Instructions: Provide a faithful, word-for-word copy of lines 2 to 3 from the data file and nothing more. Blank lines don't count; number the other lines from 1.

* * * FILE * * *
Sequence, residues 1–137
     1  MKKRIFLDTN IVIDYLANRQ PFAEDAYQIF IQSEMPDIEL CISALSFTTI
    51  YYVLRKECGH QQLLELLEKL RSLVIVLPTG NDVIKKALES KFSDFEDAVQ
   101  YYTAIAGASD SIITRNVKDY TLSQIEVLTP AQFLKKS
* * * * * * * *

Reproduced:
     1  MKKRIFLDTN IVIDYLANRQ PFAEDAYQIF IQSEMPDIEL CISALSFTTI
    51  YYVLRKECGH QQLLELLEKL RSLVIVLPTG NDVIKKALES KFSDFEDAVQ